“It is extraordinary that a spaceship initially designed to travel for four years only, is still operating after 33 entire years, providing us with data on a daily basis”, states the eminent scientist on Voyager, launched in 77, informing us that the following month, Nature Magazine will publish a study on the latest Voyager discovery.

Listening to Professor Krimigis on spaceships, such as the New Horizons, currently directed towards Pluto and bound to reach its destination on July 14th 2015, is a unique experience, along with the construction of space missions assigned to him by NASA, to various planets.

No matter how far, Stamatis Krimigis is travelling, he is fastened to his own star, Greece and especially Chios, his birthplace, where he often returns and is expected by his sister’s family, while he has renovated his grandfather’s home, where he lives with his own family.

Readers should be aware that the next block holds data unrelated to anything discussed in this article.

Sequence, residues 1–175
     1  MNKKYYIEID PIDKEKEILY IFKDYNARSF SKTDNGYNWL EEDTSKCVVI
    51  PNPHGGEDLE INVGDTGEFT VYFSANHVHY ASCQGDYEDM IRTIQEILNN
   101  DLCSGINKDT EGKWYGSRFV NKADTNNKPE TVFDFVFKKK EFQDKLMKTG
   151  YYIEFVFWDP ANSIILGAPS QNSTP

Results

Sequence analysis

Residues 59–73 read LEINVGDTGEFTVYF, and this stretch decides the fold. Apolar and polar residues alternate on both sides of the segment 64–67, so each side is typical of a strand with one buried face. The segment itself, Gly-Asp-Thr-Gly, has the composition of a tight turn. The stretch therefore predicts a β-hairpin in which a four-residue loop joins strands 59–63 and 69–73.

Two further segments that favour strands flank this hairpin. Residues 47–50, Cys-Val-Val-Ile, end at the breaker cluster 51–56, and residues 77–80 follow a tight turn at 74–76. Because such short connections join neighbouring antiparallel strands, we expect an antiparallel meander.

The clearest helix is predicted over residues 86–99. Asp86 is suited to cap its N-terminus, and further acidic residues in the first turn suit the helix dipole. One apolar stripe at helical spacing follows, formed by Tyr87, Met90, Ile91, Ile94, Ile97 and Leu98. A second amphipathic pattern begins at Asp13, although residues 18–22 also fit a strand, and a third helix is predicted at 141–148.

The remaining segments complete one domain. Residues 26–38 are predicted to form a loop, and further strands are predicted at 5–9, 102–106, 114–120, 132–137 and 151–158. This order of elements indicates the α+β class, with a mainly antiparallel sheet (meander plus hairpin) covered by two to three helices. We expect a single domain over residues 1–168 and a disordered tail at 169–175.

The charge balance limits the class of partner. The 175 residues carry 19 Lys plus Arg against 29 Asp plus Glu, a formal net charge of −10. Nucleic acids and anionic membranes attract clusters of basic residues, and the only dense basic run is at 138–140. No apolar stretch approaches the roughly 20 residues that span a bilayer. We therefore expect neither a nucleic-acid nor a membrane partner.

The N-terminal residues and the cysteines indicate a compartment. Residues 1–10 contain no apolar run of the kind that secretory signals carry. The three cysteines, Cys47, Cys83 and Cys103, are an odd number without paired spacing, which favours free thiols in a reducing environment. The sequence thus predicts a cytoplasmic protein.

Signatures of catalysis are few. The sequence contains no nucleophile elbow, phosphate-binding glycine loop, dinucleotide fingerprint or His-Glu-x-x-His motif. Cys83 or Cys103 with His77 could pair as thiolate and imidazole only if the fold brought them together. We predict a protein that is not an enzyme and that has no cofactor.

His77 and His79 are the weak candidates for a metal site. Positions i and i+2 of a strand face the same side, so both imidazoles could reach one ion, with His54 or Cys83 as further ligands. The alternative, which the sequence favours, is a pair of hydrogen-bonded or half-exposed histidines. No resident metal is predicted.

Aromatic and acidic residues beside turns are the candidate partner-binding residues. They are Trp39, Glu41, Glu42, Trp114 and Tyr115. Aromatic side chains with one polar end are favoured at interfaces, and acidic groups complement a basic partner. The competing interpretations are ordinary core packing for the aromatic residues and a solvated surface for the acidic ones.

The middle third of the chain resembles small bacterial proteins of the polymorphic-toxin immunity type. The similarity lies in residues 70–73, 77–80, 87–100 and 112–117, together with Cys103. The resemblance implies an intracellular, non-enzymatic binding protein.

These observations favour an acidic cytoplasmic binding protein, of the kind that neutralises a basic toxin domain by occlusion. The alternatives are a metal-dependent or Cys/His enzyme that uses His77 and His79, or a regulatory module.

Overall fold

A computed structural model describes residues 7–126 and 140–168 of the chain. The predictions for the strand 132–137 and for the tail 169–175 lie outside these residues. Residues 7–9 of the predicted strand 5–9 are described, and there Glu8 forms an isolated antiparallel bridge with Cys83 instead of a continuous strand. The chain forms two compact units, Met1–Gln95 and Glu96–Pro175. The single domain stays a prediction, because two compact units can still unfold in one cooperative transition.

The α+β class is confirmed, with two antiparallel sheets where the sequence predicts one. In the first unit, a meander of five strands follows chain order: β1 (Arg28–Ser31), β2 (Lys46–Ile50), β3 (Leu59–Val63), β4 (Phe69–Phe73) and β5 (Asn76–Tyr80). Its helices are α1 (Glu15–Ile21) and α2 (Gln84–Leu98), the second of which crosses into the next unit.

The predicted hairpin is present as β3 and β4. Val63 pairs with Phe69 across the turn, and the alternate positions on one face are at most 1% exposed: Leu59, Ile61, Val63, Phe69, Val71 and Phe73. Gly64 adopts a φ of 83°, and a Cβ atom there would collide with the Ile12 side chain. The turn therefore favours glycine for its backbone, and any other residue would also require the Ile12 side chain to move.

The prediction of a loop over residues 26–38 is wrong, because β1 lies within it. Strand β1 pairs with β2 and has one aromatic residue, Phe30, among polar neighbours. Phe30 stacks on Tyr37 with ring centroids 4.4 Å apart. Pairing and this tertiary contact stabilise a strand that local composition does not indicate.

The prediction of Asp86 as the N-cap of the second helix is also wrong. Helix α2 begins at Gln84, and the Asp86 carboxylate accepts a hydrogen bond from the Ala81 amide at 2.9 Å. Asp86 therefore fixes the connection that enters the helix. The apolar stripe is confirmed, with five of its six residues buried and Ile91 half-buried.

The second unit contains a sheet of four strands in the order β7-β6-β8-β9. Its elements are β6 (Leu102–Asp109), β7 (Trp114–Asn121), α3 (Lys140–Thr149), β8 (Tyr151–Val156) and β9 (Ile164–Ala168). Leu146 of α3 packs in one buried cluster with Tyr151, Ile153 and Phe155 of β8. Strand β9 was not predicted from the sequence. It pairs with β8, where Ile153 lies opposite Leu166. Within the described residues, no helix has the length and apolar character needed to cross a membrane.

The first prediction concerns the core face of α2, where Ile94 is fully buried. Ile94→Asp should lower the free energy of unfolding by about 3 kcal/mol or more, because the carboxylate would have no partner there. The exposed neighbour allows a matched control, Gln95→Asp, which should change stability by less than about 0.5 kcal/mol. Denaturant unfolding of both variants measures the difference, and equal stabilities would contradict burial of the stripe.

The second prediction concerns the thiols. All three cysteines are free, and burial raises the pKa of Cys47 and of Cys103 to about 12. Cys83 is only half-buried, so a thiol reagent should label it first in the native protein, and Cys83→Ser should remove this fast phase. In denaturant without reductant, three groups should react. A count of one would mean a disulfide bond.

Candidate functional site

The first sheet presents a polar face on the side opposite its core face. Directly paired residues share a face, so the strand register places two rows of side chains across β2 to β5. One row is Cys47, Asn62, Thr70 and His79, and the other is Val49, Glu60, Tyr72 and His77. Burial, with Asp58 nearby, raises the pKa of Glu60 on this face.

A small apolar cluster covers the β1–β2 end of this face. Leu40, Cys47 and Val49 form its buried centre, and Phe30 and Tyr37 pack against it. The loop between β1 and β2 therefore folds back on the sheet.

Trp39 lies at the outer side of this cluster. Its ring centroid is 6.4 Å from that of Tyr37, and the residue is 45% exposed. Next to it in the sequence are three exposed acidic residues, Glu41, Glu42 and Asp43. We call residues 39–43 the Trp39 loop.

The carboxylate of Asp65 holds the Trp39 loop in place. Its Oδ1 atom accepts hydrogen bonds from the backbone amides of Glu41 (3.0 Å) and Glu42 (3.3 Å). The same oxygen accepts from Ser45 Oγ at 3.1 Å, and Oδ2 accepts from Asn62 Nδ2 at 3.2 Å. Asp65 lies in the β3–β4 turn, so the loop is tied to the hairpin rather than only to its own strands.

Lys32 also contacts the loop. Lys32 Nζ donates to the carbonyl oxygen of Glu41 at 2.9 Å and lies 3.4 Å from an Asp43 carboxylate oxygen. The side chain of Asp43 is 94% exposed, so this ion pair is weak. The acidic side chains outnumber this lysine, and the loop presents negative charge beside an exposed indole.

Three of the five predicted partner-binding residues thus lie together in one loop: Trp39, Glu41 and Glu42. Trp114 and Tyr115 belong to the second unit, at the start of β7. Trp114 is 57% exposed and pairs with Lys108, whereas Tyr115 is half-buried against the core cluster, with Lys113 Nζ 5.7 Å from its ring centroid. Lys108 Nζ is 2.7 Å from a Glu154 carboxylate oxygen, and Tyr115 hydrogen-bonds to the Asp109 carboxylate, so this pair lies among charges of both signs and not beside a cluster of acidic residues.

Even though he did not participate in this year’s “rocket war” in Chios, he was there for Easter, alongside his nephews, while they were preparing their “ammunition”…

“I departed for Washington on Tuesday morning. And the adventure goes on…” he states.

Last night, Stamatis Krimigis was announced honorary doctor of the International University of Greece, in Thessaloniki. The subject of his lecture was; “Research, Innovation and Entrepreneurship in Greece”.

Source: ANAMPA